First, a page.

Sides of the duct are in place. They are made from 18 gauge (.125) 6061 aluminum.

The frame on the bench. You can see the kleco’s we use to temporally hold everything together, they are normally used in aircraft fabrication, and are really handy when working with sheet metal.

Back to the interior, the rear seat area now houses the ECU condo. And the fire suppression system which will mount to the stand on the driver’s side.

The main duct now incorporates a divider in the middle section, and a scoop that will funnel air off the splitter to the radiator. According to the aero people this is a high pressure zone and should provide solid cooling at speed.

A rear shot of the duct again. The top will feed the IC, and every air molecule will be forced to go across the core.  No waste.

Final mock up on the bench.

And on the car.

No wasted airflow here.

Since we removed all factory wiring, we could make a nice mount for our MoTec E888, which will collect the data from the EGT probes mounted it each exhaust runner, and send them to the ECU.  Normally this area is taken up by a large relay and fuse box.

There are actually two oil coolers in play on this setup, a C&R heat exchanger behind the rad. and a conventional oil cooler mounted here, front drivers side. We made a frame once the cooler was mounted for proper ducting.

Some sheet metal in play here making the duct come around.. more kleco’s.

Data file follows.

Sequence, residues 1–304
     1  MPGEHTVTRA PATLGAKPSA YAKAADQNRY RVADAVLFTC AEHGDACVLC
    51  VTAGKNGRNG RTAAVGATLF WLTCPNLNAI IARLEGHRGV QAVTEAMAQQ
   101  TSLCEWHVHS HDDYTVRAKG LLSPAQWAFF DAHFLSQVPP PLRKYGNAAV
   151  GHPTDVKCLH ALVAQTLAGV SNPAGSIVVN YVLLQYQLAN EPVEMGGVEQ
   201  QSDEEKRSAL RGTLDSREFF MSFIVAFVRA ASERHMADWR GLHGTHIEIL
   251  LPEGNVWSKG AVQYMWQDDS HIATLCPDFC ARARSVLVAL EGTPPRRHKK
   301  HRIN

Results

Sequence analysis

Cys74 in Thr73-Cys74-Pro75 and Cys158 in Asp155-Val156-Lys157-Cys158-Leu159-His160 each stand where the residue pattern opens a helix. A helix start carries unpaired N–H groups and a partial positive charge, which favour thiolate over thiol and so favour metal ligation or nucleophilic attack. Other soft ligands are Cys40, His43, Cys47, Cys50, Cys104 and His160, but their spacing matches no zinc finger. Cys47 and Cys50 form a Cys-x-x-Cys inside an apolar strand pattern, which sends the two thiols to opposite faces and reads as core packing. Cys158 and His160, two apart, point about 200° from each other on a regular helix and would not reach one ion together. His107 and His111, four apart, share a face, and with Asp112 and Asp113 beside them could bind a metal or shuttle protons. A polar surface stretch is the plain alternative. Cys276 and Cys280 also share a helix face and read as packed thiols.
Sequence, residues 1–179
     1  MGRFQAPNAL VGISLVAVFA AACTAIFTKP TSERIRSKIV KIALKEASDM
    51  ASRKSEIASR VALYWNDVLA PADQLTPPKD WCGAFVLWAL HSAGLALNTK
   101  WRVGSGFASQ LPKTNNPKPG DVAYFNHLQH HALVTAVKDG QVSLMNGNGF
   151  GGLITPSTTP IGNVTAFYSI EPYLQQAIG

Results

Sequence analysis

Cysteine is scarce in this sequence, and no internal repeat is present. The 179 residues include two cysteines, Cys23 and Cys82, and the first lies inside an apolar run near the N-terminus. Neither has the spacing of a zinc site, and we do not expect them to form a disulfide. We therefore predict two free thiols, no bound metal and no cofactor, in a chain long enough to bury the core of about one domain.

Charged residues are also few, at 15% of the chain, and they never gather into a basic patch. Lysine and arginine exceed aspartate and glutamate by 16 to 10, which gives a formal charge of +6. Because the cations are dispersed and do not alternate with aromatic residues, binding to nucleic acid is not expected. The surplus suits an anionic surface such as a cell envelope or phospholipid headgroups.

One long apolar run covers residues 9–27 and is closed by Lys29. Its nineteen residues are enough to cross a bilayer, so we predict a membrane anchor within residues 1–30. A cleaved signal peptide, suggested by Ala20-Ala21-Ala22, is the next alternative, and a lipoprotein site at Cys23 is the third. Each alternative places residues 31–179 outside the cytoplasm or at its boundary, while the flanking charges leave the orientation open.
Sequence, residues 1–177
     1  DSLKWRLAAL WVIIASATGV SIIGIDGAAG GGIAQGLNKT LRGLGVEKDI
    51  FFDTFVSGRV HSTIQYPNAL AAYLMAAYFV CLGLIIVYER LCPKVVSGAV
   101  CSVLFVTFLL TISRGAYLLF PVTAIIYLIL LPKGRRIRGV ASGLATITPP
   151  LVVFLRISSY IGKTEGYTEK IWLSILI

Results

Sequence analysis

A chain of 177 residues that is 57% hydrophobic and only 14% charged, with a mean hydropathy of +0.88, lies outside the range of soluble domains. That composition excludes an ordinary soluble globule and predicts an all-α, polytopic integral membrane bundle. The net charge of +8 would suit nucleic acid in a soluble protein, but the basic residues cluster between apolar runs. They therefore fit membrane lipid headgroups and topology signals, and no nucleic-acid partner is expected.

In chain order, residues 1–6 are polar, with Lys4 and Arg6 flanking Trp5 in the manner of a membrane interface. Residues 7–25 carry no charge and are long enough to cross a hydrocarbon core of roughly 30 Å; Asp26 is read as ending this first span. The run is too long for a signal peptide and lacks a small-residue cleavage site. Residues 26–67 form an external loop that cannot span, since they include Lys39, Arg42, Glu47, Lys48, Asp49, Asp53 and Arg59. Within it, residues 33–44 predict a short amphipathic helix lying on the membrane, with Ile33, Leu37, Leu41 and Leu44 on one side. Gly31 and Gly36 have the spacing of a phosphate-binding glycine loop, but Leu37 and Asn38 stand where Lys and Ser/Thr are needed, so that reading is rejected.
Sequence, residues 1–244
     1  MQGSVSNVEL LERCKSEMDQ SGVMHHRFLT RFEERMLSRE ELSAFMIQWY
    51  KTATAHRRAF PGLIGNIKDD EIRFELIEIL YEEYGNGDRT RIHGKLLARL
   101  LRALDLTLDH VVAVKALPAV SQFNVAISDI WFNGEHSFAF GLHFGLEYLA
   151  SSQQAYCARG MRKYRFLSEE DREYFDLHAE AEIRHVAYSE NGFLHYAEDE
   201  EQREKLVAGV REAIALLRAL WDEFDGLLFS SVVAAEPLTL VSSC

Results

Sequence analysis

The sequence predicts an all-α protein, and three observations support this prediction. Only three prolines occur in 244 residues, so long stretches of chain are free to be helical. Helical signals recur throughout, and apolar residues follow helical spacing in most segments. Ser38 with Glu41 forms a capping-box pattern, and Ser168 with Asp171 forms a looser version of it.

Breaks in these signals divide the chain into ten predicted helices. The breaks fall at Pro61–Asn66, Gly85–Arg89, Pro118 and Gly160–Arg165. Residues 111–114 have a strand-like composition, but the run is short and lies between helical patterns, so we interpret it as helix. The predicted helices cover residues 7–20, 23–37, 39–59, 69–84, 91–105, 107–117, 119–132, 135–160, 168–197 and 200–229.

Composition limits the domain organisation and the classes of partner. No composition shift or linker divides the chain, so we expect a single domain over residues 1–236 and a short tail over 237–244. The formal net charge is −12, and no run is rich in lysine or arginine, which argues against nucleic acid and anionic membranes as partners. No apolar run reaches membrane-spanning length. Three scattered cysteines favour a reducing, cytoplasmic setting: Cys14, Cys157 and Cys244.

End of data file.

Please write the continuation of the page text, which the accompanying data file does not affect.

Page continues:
The duct mocked up on the chassis.

My brother is always responsible for all the plumbing on the projects that pass through the shop, and during heavy fabrication time he will request we make mounting flanges/ bulkheads ETC for his plumbing. Here is a bulk head array on the bottom of the chassis that will support the oil and fuel lines running from the front to rear of the car.

More plumbing pron, oil / fuel lines.

Here’s  Grim using our brown and miller crimp machine to make some lines up,  we like to use the best materials and components available. Brown and Miller is the top of the line as far as race car plumbing goes , ask NASCAR, ALMS, F1 and us, light weight, dead reliable. Yes please.

Ahhh gratuitous engine pron, I always enjoy building engines, especially the 2jZ. This example we have here has a billet crank stroker, custom rods, custom pistons, billet main’s, custom rings, custom bearings, custom coatings etc.  We came from a drag racing background which gave us good knowledge on how to make big power. When we transitioned to road racing, we learned how to make that power reliable long term.

Fully assembled and on the stand ready to go, you can see the 5 stage dry sump oil pump and crimped/ shielded Brown and Miller plumbing,

There’s a lot more we did but you get the idea. After we were finished welding and grinding, we disassembled the whole thing and sent it out to Auto Explosion in Gardena CA for paint. When it returned it was assembled for real this time, the challenge here was not scratching anything.  Hopefully you fellow Speedhunters enjoy the final product.

-Twins Turbo



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Amazing job to all at the Twins Turbo shop!!!! Keep up the great work!


OHH god so beautiful. The shot of the overall length of the IC piping and the shot of the bottom of the partially assembled motor/dry sump got me all hot and bothered.